I'm Not Comfortable Anywhere

Since the war began a year ago, millions of Sudanese have fled their homes. On World Press Freedom Day, Alive-in/ brings you the story of Safia, a Sudanese journalist forced to flee her home.

I'm Not Comfortable Anywhere
MICHI, CHAD-Safia Ishaq Adam, a Sudanese journalist from West Darfur, sits outside a tent in the Michi refugee camp with another refugee and her child. Safia spent two months in the refugee camp in 2023 after the Rapid Support Forces attacked Al-Geneina in June. Photo submitted by Safia Adam.

Reporting by Entisar Mohammed Abdallah.
Written by Logain Ali and Brian Conley

This story is part of a partnership between Alive-in/ and DT-Institute to support Sudanese journalists inside and outside Sudan. DT Institute is both a funder and an implementer of peace and development projects. More stories can be read in Arabic on the Alive-in/Sudan Facebook page.

Alive-in is a not-for-profit media agency that mentors journalists from underrepresented communities to increase local and national understanding.
If you are able to support our work financially, please click the button below.

KAMPALA, UGANDA-Safia Ishag Adam prepared coffee for Alive-in/Sudan's reporter with a smile, nestled in her corner room within a student housing complex in Makerere Hill, Kampala. Despite the usually bustling atmosphere, the midday rain lends an air of solitude and isolation to the complex. 

Safia, who is 30 years old, was working as a journalist at the Ministry of Information (previously known as Ministry of Culture and Media) in her hometown Al-Geneina (Hay Al-Shati) when she had to flee to cross the border with Chad to the town of Adre on June 12th 2023.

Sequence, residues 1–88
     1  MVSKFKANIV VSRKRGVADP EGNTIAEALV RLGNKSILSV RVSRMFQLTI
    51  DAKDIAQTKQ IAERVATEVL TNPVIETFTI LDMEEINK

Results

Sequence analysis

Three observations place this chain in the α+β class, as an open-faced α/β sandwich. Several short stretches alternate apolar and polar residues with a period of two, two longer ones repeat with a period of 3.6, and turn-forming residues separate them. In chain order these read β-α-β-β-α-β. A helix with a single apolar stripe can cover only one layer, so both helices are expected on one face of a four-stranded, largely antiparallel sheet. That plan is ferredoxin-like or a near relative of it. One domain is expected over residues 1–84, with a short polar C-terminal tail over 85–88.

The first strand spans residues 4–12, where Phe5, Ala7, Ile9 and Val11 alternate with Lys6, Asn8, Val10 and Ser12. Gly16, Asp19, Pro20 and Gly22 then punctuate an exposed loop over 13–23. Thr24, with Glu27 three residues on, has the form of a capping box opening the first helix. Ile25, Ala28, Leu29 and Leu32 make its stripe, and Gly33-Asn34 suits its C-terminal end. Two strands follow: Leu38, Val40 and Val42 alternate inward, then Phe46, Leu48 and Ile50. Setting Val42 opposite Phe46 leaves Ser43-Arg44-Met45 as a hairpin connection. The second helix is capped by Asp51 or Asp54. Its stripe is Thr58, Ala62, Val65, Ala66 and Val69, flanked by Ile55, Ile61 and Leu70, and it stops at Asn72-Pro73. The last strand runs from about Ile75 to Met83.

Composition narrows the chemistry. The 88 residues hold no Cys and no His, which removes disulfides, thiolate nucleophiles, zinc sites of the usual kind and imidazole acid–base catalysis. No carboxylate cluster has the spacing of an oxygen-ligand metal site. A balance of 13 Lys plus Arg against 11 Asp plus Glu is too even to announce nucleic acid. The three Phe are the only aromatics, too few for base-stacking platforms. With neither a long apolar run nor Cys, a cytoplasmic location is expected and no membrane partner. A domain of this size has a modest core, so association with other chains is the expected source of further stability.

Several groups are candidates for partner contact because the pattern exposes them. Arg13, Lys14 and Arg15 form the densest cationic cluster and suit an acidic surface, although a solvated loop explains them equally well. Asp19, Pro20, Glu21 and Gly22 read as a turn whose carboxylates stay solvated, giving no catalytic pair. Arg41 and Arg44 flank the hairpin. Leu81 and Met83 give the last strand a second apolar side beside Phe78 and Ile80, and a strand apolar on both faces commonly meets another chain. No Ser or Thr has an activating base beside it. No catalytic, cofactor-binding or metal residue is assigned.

“On the 5th of June, we were attacked in the neighborhood, and it lasted for three days, from the 5th to the 7th. The Janjaweed were searching for me from house to house, I was also bouncing from one neighbor to the other to find a safe place, but of course, each individual I went to was scared to host me in fear of being attacked.”

After another five days during which she faced continuous targeting and harassment, Safia and her family decided she had to flee.”There was no way for us all to leave together, and we didn't have money. Traveling was expensive, and you had to pay 40,000 to the car driver to get out and this is besides the harassment you will have to face. We decided to leave, and one of our neighbors had connections with the Arabs. He told him that my sister is sick and needs to be taken to Adré for treatment.”

The siege of Al-Geneina began at the start of the war back in April of 2023, leaving Safia and many others without water or food as clashes continued between the Rapid Support Military Forces and the Sudanese Armed Forces.

“There was a heavy deployment of Rapid Support Forces in all the streets of Geneina” 

When the fighting intensified with the formation of tribal alliances and violent campaigns targeted journalists, Safia took the same road many before her journeyed, and on June 12th after two months of besiegement, she fled her home in Geneina and crossed the border with Chad to the town of Adrè.

MICHI, CHAD–Safia speaks with a Sudanese refugee at the Michi Camp in Chad, where she helped out as a volunteer supporting different NGOs to distribute aid such as water and blankets and provided psychosocial support. Photo submitted by Safia Adam

“I left my mother and father there, took my little sister, and we left together. When the car started moving, it didn't go straight west; it turned north, and then up. From Geneina, it might have taken an hour, and from Geneina to the Naseem district, maybe half an hour. When we reached the Naseem district, the fuel was running out.”

Al-Geneina is the capital city of West Darfur State, resilient and rich in its cultural heritage, once a home to at least half a million residents. Despite efforts to promote stability over the years, it has witnessed an extensive amount of atrocities including the ethnic cleansing of African tribes like the Masalit and Burgos who make up the majority of its inhabitants. Leading to a massive exodus to neighboring country, Chad.

Safia shares her experience at the gas station during the refueling of the car, “The female attendant came to fuel the car. She said “You’re taking all these *Ambayat to Chad, who are you leaving us for, the authorities continuously shell us. The driver replied, Their eyes are *Bargaweyat, they got scared and decided to leave the shelling and head for Chad.”